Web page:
Do You Trust Social Media Influencers?


It seems as though everyone is dabbling in influencer marketing these day, and there's a good reason for it. From the social media stars doing the promoting to brands paying influencers for a promo, it's a win-win situation for parties involved.

The results and royalties of this activity are proof that influencer marketing works, but you may still be curious about who's paying attention to those influencer social media posts and placements.

Instagram’s rise, for example, has opened a massive channel to market to an incredible large number of people over the internet—we're talking about a billion users.

That is how the role of social media influencers arrived.


Who Is an Influencer?


An influencer is a person that has the trust of an audience for varying reasons, such as an engaging personality or domain expertise.

Many people want to become social media influencers because of the influence you have over your audience and the pay you can get for promoting brand stuff to that audience. Influencer pay can range from tens to hundreds of thousands of dollars per post.

There are many benefits to becoming an influencer aside from the pay. You can receive free brand merchandise and discounts for many products. Oftentimes, influencers get all-expense-paid trips and networking opportunities at significant social events.

You typically work remotely, which gives you the freedom to move and be located anywhere in the world you want. The influencer lifestyle has many, many perks.


Why Brands Pay for Influencers


On the other side of influencer marketing, brands see a considerable return on investment (ROI) working with influencers. They dish out money upfront in exchange for their products and services to be shared all over social media in preparation for product launches, rebranding, or even events that draw crowds to their business.

Influencer marketing tends to be more effective than traditional marketing methods, like flyers, billboards, and magazine ads. By working with the right social media influencers, you can reach people in different parts of the world cost-effectively that you wouldn't usually be able to access.

Consumers also stand to benefit from influencer marketing because they often get good/relevant product recommendations and reviews from people they trust, and the orders start rolling. Unsurprisingly, brands of all sizes and varying budgets want to tap into this exciting marketing method.

But, do people fully trust influencers, considering that there has also been a rise in fake influencers as well?


Do People Trust Influencers?


We have to address the big question at hand: do consumers trust influencers? Who cares about the sponsored content posted by influencers online?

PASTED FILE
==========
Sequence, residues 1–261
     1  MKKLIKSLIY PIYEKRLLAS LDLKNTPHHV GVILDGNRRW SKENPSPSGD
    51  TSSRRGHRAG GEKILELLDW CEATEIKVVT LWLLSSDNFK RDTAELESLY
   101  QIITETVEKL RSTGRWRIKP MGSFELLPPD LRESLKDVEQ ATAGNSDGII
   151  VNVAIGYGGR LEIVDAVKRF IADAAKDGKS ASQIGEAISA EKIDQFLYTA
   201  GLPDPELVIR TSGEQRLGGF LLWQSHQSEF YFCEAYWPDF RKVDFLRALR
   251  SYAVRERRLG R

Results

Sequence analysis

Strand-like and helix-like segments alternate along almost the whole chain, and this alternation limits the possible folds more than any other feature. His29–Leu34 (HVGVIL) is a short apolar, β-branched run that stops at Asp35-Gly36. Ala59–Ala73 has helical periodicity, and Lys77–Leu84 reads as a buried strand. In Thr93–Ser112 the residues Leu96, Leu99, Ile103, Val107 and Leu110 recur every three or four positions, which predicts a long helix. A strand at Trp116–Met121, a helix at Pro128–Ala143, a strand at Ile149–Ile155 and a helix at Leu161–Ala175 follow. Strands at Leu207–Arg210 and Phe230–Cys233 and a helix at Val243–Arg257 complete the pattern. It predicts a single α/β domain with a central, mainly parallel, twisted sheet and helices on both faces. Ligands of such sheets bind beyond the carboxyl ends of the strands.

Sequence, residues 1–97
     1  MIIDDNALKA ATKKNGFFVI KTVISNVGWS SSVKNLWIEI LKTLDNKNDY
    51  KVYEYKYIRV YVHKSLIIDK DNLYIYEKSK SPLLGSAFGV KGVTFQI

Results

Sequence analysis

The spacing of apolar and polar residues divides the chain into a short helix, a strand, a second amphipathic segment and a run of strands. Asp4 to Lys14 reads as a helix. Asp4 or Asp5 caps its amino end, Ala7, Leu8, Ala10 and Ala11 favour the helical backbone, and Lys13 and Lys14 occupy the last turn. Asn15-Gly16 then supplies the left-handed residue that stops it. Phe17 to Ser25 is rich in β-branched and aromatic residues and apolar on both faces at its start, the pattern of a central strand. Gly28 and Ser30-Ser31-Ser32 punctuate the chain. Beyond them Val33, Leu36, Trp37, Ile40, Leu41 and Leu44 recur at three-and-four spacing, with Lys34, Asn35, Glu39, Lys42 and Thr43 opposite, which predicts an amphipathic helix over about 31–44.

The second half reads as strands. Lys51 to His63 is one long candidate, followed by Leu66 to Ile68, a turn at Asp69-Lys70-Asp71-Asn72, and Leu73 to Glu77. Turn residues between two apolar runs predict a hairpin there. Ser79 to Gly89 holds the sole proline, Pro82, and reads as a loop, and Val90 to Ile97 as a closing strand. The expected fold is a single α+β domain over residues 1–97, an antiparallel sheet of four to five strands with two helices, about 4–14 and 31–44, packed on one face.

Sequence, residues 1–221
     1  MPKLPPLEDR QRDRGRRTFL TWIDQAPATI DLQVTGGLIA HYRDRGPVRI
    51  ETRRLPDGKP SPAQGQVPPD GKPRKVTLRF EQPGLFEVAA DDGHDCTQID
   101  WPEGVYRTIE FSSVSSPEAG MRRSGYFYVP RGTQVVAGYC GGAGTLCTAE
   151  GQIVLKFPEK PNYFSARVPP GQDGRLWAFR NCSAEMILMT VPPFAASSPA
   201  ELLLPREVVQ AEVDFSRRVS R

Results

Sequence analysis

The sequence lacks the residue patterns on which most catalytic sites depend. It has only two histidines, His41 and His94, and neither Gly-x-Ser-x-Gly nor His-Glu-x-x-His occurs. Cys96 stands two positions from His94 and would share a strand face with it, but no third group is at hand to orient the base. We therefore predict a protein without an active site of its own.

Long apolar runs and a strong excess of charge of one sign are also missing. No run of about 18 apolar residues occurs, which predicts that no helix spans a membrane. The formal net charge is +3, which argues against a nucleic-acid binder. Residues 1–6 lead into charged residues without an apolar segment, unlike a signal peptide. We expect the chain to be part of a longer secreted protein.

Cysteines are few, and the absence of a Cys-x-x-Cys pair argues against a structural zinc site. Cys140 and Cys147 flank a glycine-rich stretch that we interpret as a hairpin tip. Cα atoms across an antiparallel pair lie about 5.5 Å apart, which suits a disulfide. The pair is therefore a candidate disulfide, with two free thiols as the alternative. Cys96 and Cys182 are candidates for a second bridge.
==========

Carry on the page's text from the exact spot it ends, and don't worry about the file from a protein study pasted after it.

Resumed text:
While influencer marketing is continually growing (currently valued at $4.6 billion and projected to increase by 26% by 2025), it's important to know who is listening to influencers the most.

A study from the University of Padova found that almost half (45%) of consumers state they would trust virtual influencers depending on the context, and 15% would never trust them.

Millennials and members of Generation Z make up the group most attune to influencers. In 2022, 40% of this generation cohort made a purchase after hearing a virtual influencer advocate a good or service.

Meanwhile, the 55 to 64 years-old generation cohort is much less trusting of influencers than the Millennial and Gen Z cohort. This is because social media influencers are typically younger and more relatable to the 25 to 34 age group.

In other words, different demographic traits of people affect their overall trust in social media influencers.


Different Demographic Traits Affect Trust in Influencers


Influencer marketing is different things to different people. For some, it's their livelihood; for brands it's a way of reaching the masses; and for consumers, it's a method that helps discover and determine if a product or service is right for them.

While people are listening to what influencers have to say, it important that you target the right audience and work with the right influencer when considering this marketing approach.

A hazard that is brewing for brands that use influencer marketing relates to problems with trust and genuineness. Only 12% of those surveyed by the Padova study team indicated that they would have the same level of confidence in social media influencers as they would in human ones.

Consumers may not fully trust influencers these days. This comes as many influencers are increasingly advocating stuff they haven't personally tried, which damages consumers' perception of their trustworthiness and genuineness. As such, it is important to work with genuine influencers who are not motivated solely by money. 


Consumers that Trust Influencers the Most


Here's an insightful infographic highlighting which consumers trust influencers by age, gender, and ethnicity to help you fine tune your influencer marketing campaigns for best results:


George Mathews is a staff writer for He is passionate about personal growth and development.